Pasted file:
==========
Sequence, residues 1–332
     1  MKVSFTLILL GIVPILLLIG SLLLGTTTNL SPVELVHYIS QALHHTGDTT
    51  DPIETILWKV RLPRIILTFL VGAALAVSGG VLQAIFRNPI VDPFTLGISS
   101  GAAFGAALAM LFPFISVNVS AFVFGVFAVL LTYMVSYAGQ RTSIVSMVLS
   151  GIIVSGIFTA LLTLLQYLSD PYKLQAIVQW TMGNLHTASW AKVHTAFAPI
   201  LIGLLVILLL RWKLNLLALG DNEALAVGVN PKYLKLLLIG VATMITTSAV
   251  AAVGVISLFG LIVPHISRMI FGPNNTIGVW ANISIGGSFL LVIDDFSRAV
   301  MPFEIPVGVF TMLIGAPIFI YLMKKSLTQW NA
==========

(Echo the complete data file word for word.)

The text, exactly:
Sequence, residues 1–332
     1  MKVSFTLILL GIVPILLLIG SLLLGTTTNL SPVELVHYIS QALHHTGDTT
    51  DPIETILWKV RLPRIILTFL VGAALAVSGG VLQAIFRNPI VDPFTLGISS
   101  GAAFGAALAM LFPFISVNVS AFVFGVFAVL LTYMVSYAGQ RTSIVSMVLS
   151  GIIVSGIFTA LLTLLQYLSD PYKLQAIVQW TMGNLHTASW AKVHTAFAPI
   201  LIGLLVILLL RWKLNLLALG DNEALAVGVN PKYLKLLLIG VATMITTSAV
   251  AAVGVISLFG LIVPHISRMI FGPNNTIGVW ANISIGGSFL LVIDDFSRAV
   301  MPFEIPVGVF TMLIGAPIFI YLMKKSLTQW NA